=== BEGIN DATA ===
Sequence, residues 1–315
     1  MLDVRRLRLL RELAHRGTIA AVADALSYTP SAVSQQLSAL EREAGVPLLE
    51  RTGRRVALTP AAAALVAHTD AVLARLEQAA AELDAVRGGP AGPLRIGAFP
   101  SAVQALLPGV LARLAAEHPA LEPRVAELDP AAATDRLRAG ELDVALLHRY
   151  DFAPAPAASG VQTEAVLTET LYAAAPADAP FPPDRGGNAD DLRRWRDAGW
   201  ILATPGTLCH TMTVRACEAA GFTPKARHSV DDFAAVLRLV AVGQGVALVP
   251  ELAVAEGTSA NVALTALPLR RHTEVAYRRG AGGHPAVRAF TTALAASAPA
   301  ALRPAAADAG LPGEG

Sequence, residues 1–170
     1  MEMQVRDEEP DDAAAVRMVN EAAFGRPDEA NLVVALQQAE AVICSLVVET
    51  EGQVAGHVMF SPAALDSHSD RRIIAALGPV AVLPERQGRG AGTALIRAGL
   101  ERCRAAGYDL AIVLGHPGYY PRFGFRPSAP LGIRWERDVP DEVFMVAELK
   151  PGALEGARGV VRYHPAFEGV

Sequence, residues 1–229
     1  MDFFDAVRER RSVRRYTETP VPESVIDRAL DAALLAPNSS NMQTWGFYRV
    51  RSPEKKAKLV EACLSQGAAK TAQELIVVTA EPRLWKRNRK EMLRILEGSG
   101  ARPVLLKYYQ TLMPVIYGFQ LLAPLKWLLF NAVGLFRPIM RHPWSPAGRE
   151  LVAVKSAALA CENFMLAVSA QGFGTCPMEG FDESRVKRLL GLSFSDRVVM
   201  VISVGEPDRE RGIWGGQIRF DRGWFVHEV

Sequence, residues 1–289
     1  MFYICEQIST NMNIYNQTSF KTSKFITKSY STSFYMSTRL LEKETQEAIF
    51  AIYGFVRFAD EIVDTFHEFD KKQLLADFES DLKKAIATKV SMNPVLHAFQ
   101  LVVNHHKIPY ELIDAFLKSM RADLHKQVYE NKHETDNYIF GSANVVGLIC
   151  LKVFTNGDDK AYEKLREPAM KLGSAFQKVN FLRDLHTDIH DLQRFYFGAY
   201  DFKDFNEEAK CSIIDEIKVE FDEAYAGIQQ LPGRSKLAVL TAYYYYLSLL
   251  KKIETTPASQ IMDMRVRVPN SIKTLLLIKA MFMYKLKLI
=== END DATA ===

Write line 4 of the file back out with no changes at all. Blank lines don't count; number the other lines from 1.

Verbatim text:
   101  SAVQALLPGV LARLAAEHPA LEPRVAELDP AAATDRLRAG ELDVALLHRY